Robert Gates travels to Asia with message of continuity
WASHINGTON (Reuters) - Defense Secretary Robert Gates heads to Asia for a final time as Pentagon chief on Tuesday, looking to reassure allies the United States is committed to regional security despite tightening defense budgets and his own imminent departure.
Gates, who leaves office at the end of June, will meet his counterparts from Australia, China and other countries at the Shangri-La security dialogue in Singapore before traveling to Brussels for meetings with officials of the North Atlantic Treaty Organization.
With China boosting its level of representation at the Shangri-La forum, Gates' meeting with Defense Minister Liang Guanglie will be watched closely for signs of further warming in civilian-military relations between the two countries after a series of high-level visits this year.
But Gates' trip is mainly an effort by the Obama administration to show the United States remains committed to the region despite planned cutbacks in military spending and a change in the top leadership at the U.S. Defense Department.
"The trip is a chance for Secretary Gates to really note how committed the senior leadership of the United States has been to Asia," a senior defense official said, pointing to the repeated trips to the region by President Barack Obama, Secretary of State Hillary Clinton and Gates.
The official, who spoke on condition of anonymity, said Gates would underscore that Obama's choice to succeed him -- CIA Director Leon Panetta -- will maintain a "continuity in U.S. policy" and that the U.S. approach has been "consistent for a long time in the region and does not depend on individuals."
Gates' departure from the Obama cabinet will be followed on October 1 by that of Admiral Mike Mullen as chairman of the Joint Chiefs of Staff. General James Cartwright also is stepping down as vice chairman of the Joint Chiefs.
Obama on Monday nominated Army General Martin Dempsey as his choice to succeed Mullen and named Admiral James Winnefeld to become vice chairman.
In addition to changes at the top of the U.S. defense establishment, U.S. allies in Asia have been unsettled by the prospect of significant cutbacks in defense spending as Obama tries to get a handle on the U.S. government's $1.4 trillion budget deficit and $14.3 trillion in debt.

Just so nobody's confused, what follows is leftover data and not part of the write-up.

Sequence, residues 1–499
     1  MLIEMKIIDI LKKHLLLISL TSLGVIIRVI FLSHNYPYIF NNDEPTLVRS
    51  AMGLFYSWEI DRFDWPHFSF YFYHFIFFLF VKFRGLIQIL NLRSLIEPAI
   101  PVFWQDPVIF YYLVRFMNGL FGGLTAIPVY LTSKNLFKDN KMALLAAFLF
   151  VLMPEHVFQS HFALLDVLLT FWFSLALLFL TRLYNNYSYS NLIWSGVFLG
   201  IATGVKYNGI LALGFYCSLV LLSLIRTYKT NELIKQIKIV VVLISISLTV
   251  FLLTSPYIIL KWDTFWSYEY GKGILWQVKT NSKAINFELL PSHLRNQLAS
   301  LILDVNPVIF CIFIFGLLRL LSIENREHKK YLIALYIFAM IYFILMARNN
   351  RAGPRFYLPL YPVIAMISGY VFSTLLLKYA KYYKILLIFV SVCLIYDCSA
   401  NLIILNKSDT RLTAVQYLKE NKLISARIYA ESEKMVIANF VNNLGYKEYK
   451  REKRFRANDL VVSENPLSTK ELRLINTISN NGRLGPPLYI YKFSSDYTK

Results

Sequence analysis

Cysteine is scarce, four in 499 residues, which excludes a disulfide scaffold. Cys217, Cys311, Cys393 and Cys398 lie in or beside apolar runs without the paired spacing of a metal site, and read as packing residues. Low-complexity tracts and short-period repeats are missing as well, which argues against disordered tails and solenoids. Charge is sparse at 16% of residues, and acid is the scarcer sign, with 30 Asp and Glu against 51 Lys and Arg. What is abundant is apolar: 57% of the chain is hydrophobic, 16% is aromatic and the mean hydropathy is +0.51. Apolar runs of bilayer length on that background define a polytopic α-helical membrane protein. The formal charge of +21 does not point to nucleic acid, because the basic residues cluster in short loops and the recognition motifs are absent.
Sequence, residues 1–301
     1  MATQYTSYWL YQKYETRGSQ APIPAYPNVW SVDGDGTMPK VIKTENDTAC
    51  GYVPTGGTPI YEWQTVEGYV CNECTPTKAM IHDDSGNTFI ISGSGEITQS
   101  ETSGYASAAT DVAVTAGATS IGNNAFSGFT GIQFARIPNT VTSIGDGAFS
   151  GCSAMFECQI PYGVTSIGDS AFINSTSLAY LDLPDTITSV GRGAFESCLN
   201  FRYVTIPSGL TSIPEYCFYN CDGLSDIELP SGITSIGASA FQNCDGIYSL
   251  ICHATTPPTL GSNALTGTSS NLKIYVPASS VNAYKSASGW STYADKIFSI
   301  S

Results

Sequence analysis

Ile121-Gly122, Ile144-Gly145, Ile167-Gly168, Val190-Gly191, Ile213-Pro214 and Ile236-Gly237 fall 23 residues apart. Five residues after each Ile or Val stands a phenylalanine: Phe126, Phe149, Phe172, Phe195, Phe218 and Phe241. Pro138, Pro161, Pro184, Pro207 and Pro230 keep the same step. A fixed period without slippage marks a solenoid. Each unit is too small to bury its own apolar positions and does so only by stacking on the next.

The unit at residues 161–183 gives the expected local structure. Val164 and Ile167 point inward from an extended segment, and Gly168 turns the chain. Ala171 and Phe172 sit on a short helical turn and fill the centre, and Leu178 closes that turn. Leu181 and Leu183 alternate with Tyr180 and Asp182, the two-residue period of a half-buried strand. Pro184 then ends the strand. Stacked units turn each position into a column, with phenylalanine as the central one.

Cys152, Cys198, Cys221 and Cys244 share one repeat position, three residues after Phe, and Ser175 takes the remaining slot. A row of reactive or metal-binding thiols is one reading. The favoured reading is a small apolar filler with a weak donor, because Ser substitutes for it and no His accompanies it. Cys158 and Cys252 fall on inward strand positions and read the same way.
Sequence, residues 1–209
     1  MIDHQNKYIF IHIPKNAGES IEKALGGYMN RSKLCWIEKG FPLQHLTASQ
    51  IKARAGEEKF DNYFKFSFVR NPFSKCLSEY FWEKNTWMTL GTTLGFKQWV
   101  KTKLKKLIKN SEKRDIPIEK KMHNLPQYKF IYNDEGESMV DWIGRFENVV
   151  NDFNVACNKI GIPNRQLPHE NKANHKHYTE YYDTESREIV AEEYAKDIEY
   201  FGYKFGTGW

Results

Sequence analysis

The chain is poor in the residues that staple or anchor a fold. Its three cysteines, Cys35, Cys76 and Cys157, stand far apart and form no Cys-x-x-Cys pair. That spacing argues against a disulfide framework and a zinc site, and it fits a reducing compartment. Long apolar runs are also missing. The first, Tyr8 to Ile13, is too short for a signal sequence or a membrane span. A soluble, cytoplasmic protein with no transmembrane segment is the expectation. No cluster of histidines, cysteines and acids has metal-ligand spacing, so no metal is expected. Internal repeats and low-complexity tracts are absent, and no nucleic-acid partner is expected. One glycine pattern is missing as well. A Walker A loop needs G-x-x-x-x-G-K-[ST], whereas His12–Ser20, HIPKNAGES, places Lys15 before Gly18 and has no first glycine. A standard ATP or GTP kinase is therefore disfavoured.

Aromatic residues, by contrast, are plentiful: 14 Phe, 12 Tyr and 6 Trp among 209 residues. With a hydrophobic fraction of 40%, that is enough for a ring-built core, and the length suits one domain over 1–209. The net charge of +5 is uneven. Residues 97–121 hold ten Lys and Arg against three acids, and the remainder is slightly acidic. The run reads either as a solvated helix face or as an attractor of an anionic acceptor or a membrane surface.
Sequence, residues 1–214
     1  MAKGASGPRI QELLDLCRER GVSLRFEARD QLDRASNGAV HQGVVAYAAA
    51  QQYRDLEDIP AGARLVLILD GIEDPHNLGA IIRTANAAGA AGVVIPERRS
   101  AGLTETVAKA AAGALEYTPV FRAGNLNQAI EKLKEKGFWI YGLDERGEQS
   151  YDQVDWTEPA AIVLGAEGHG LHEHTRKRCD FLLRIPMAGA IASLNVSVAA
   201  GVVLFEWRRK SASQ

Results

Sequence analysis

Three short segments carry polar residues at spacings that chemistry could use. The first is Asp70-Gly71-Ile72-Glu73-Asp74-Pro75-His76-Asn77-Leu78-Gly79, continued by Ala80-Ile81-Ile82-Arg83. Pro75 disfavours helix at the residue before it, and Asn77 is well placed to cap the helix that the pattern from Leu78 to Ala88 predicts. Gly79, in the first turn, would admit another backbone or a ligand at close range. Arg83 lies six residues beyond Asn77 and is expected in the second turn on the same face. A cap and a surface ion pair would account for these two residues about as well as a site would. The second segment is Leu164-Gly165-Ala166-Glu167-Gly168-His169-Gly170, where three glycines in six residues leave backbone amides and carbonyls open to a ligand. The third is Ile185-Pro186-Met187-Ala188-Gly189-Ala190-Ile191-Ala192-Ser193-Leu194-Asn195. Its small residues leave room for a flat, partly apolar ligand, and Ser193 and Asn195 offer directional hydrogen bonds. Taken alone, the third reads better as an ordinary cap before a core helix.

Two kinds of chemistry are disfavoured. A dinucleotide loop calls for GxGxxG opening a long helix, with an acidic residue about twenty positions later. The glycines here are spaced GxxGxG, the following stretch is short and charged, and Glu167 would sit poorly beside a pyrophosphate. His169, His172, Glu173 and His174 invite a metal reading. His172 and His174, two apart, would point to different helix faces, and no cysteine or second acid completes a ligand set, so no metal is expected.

BASE PLAN WORRIES
Senators Carl Levin, John McCain and Jim Webb warned in a letter earlier this month that the Defense Department's realignment plans for U.S. military bases in Japan, South Korea and Guam were "unrealistic, unworkable and unaffordable" in the current budget climate.
Gates is aware of Asian concerns caused by the letter and will address them directly, a senior defense official said.
"I think that you can all rest assured that we intend to maintain a presence in the region that is geographically distributed, operationally resilient and politically sustainable," the official said.
In his meeting with Liang, Gates will be looking to deepen the U.S.-China strategic security dialogue initiated between the two countries at his suggestion during a trip to Beijing in January.
The strategic security dialogue is a forum for military and civilian officials in the U.S. and Chinese governments to discuss sensitive issues like nuclear missile defense, space and cyber warfare.
The two sides held a meeting of the security dialogue during a broader bilateral gathering in Washington earlier this month, Gates would like to expand the forum.
"That continues to be an interest of his, an agenda that he's going to want to see furthered," a senior defense official said. "We now have a platform and a dialogue mechanism with the People's Republic of China to be able to talk about these issues and we now want to see it nurtured and grow," he said.
U.S.-China military ties remain fragile. The two sides only recently resumed military-to-military contacts after a break of nearly a year caused by a $6.4 billion U.S. arms deal with Taiwan.
Many in the U.S. Senate are now urging Obama to authorize a new sale of F-16 jet fighters to Taiwan. Top Chinese General Chen Bingde said during a recent visit to Washington that further U.S. arms sales to Taiwan would affect military ties between the two countries.
(Editing by Bill Trott)
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